Your org chart may be your problem
As humans we’re good at sorting things into piles — very young children can put all the blocks together in one pile, all the little animals together in another. It’s easy, and we can see the sense in it. Now that we’re grown up, we’re still tempted to group things together that seem similar, but sometimes it slows us down.
A lot of businesses group their analytics departments with their IT — all techies together, we think — they’ll keep each other company. But there are some genuine costs to this simple choice: when the IT department is in charge of the analytics department, we shouldn’t be surprised if analytics begins to elevate the priorities of the IT department, at the expense of the core values of the company. With analysts under the thumb of IT, the KPIs that are being delivered are about optimizing IT processes.
Claravine CEO Craig Scribner illustrates this point with a story about a deep regret surrounding a missed opportunity at his first web analytics consulting job. Working as a digital analyst within the IT department, he developed a set of corporate KPIs that his boss, the CIO, felt should be standardized company-wide. After developing some robust reports, he was assigned to give presentations throughout the organization, showing people the data that IT had made a priority. When he got to the VP of Sales, Craig could see that the reports were not warmly received. The VP said to him, “If you would just sit with me and my team for one day, and see what we’re doing, you would understand why these numbers aren’t working for me, why they are not reflective, and why they’re not helping us be more effective in our jobs.” But Craig didn’t report to the business, he reported to IT. There was a plan in place — and plans once in place have a way of defending their turf. And there were IT-oriented deliverables keeping him occupied. So he never did spend that day with the Sales VP that would have made such a difference. The people who needed to make use of the data for implementation had minimal input on the original data strategy — and the resulting data didn’t serve their business needs.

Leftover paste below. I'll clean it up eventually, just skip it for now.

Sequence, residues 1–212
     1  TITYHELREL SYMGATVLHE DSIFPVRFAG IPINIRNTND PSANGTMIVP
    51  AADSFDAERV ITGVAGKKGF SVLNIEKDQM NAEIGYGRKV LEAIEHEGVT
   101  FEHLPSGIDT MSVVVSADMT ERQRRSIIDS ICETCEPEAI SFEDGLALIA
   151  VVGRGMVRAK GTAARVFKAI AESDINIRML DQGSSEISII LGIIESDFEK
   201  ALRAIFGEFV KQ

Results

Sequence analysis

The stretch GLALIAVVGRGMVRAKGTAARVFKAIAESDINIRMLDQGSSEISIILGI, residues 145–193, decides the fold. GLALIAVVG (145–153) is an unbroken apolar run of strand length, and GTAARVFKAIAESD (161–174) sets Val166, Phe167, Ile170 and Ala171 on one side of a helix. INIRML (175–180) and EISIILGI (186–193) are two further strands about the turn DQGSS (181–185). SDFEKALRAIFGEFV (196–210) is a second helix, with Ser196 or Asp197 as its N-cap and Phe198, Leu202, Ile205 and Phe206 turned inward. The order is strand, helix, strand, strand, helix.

If your analytics are designed to fit the needs of IT, they may not be a good fit for the departments in the company that need them the most. Your Analytics group may not look like the other divisions with C-level offices, but if the group is going to contribute meaningfully, it needs robust connections to the key deciders in your company. It might be time to revisit your org chart.